Imagine arriving in the UK to seek asylum today. You are confused, terrified and traumatised by the events that led you to leave your home country. Your journey here likely involved breathtaking risks and unimaginable abuse. You probably found out the hard way that for you there is no such thing as what the government calls a “safe route” for refugees to the UK.
You are locked up on arrival and told you may be relocated to Rwanda. You are released here, but shackled with a bulky ankle tag, and told you are now subject to GPS surveillance by the state, 24 hours a day, while on bail.
This is the welcome we provide to refugees in the UK in 2022.
As it stands, lawyers have issued proceedings on behalf of clients facing removal to Rwanda, delaying the first planned flight. Those cases will be heard in the autumn. But in the meantime, an immigration or asylum applicant can be detained without time limit. And those granted their liberty are subject to immigration bail, which can require them to submit to invasive electronic monitoring.
GPS surveillance was first used as a means of monitoring those on immigration bail in 2021, first via ankle tags but with plans to introduce devices such as smartwatches from this autumn. This monitoring makes it possible to obtain a complete history of where a person has been and when, minute by minute, 24 hours a day. The data collected can construct a nuanced picture of a person’s habits, religious and political beliefs, relationships and health issues, as well as the private lives of people the person interacts with. It is an invasive tool – and for those fleeing authoritarian regimes or suffering the effects of trauma or poor mental health, the intrusion can be particularly distressing.
The Home Office can access all the information, unfettered, upon a suspected breach of immigration bail, such as the device running out of charge or the wearer failing to report to the Home Office at the time specified. Government guidance says that it may be used without the person being informed, for purposes that extend beyond bail enforcement, including to inform immigration applications. And the data may also be retained for many years, long after the device has been removed.
Charities have been sounding the alarm about this practice since it was introduced. There is significant concern about the lack of safeguards in place, the reliability of the data and the poor battery life of devices. It is a condition of bail that the devices do not run out of battery, but many fail to retain charge and can malfunction, triggering false alerts of breaches of bail – a serious matter that can lead to arrest, re-detention, a fine or even criminal prosecution. The independent chief inspector of borders and immigration found that almost 70% of breach reports had been for battery problems. His conclusion? Tagging “cannot yet demonstrate it is achieving” its aims. Our firm and others have now issued court proceedings for clients challenging the legality of the GPS regime.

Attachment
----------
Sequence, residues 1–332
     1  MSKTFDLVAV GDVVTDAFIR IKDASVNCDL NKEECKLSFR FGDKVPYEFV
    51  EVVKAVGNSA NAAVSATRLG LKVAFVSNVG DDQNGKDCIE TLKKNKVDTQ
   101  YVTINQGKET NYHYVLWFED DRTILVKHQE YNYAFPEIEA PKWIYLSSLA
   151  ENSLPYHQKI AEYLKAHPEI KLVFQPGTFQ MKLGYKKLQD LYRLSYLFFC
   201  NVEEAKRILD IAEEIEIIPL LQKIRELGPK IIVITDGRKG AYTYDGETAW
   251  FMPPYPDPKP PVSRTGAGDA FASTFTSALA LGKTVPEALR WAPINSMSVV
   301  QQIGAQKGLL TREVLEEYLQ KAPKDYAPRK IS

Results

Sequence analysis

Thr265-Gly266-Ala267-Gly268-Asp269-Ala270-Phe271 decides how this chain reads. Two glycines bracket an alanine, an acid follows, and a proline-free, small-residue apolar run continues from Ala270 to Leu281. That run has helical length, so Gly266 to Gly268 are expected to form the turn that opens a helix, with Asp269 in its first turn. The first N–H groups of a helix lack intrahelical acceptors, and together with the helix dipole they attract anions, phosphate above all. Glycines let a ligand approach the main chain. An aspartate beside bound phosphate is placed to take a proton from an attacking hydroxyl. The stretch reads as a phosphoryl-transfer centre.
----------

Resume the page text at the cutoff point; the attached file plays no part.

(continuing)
The limited number of tagging devices available to the Home Office acts as a practical constraint on the practice to some degree. Home Office guidance on bail states that priority is to be dictated by the level of risk of harm to the public. It is perhaps a reflection of the government’s commitment to the Rwanda plan, then, that in June the Home Office announced that electronic monitoring would be applied to asylum seekers who have committed no crime, but who have been identified for a possible removal to Rwanda.
The UK’s intake of asylum seekers remains modest at best (as ever, it is developing countries that continue to host the overwhelming majority of the world’s refugees). Twenty years ago I worked with detained asylum seekers held in a former army barracks in Cambridgeshire. At that time, the number of asylum claims was rising, and the “bogus asylum seeker” loomed large in the rightwing press. It was a Labour government that introduced the detained “fast-track” system in which asylum seekers were detained, despite having committed no crime, in order to have their claims determined. It was also Labour that introduced the automatic deportation regime in 2007 – for my money, one of the toughest pieces of legislation on the statute books.
Policy in this area has for too long been propelled by the need to be seen as tough on immigration, with the Rwanda plan and GPS surveillance sitting at the more extreme end of that spectrum. In my 20 years of practice, neither of the two largest parties have found a way to hold a mature debate on this subject. It is beyond disappointing that the rhetoric has remained stuck in this loop for so long when the human cost of this political failure is so great. We need to have a conversation that treats the fundamental rights of individuals who happen to be migrants as worthy of the same respect as the need to control our borders.
Until then, as lawyers we will continue to do our job and protect our clients from the worst excesses of the state, as we are duty-bound to do.
Janet Farrell is a partner at Bhatt Murphy solicitors